Modulators of the efficacy and toxicity of drugs in malaria treatment.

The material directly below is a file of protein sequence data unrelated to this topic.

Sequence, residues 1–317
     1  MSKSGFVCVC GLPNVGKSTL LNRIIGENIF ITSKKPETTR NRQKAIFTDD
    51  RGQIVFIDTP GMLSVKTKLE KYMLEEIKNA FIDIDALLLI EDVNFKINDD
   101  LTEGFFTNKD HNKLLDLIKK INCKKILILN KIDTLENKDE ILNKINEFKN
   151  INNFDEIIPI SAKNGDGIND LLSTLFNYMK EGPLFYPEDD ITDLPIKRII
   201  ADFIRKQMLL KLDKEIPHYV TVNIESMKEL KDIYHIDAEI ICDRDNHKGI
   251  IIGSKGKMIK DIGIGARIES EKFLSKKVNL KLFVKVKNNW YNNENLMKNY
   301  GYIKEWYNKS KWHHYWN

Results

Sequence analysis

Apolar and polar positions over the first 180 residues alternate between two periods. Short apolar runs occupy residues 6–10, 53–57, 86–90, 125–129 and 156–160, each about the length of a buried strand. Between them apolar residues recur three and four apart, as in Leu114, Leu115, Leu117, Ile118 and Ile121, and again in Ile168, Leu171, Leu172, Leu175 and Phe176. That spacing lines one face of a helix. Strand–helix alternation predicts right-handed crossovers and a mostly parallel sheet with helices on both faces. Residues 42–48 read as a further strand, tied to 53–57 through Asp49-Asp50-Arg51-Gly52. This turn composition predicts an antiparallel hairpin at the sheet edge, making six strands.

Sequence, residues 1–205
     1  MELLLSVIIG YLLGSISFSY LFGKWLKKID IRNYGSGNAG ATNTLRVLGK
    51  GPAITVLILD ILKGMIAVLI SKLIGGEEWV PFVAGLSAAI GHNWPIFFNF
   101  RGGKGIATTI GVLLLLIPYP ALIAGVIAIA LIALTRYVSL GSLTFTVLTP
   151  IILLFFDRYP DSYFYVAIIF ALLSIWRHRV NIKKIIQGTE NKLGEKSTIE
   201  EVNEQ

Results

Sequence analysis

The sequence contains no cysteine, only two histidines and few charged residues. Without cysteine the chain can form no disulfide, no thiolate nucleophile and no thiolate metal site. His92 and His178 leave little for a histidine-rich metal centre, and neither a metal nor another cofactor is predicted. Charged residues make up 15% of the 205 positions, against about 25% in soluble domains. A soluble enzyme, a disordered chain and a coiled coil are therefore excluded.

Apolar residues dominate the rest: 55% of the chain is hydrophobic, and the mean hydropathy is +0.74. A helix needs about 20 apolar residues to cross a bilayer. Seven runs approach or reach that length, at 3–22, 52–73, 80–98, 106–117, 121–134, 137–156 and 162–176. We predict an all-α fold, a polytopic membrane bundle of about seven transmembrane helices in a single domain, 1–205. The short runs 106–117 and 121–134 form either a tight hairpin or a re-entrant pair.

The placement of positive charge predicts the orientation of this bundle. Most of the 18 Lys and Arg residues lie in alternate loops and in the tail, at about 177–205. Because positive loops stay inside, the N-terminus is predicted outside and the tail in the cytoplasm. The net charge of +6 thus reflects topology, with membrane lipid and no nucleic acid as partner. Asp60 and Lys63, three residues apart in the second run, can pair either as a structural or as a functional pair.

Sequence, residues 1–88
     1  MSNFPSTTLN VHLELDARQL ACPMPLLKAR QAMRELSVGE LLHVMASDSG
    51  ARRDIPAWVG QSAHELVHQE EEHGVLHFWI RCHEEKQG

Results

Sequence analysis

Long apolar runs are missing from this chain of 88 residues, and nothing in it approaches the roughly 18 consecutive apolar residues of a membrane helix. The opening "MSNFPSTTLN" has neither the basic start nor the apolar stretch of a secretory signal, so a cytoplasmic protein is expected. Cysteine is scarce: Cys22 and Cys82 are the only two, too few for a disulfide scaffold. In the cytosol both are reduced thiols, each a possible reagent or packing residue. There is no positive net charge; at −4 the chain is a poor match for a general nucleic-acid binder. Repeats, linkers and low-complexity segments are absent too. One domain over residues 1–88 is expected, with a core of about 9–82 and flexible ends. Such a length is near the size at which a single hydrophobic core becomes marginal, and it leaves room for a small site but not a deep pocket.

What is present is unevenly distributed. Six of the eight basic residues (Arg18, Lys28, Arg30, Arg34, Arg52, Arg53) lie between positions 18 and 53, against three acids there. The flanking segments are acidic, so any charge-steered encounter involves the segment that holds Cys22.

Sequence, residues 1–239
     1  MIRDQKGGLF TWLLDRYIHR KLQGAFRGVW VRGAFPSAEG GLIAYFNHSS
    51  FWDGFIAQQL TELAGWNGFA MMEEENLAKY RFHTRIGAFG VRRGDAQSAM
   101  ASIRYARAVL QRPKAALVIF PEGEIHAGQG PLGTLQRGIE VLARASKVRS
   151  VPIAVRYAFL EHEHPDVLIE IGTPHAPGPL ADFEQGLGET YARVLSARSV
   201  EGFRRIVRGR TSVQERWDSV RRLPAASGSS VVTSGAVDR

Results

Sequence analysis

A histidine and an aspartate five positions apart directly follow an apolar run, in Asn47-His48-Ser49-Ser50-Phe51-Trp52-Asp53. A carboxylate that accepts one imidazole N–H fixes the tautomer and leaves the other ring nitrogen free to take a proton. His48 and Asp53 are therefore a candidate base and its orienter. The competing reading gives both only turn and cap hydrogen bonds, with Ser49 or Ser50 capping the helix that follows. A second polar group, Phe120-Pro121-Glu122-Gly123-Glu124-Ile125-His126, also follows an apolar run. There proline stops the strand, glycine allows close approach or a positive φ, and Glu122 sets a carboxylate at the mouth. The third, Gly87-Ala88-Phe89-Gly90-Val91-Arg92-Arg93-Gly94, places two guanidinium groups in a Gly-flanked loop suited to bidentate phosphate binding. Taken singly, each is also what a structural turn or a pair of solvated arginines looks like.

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The burgeoning problem of drug resistance in malaria requires the urgent discovery of new drugs. Discovery of an antimalarial agent that fulfills the requirements of a mass-treatment drug is challenging. Such an antimalarial drug should be safe for infants and children, be efficacious during a treatment course of 3-5 days, have good intestinal absorption, and be inexpensive. Such conditions are difficult to meet, which explains (at least in part) the paucity of antimalarial drugs. Development of antimalarial drugs has been based on two orthodox approaches: drugs are discovered from medicinal plants or synthetic chemistry. However, recent observation of human chemotherapy and pharmacopeia suggests that other strategies could be used to discover new drugs or to extend the therapeutic lifetime of failing drugs. In this review, we present evidence that the use of modulators of the efficacy and toxicity of drugs will lead to the discovery of new drugs and extend the therapeutic lifetime of existing agents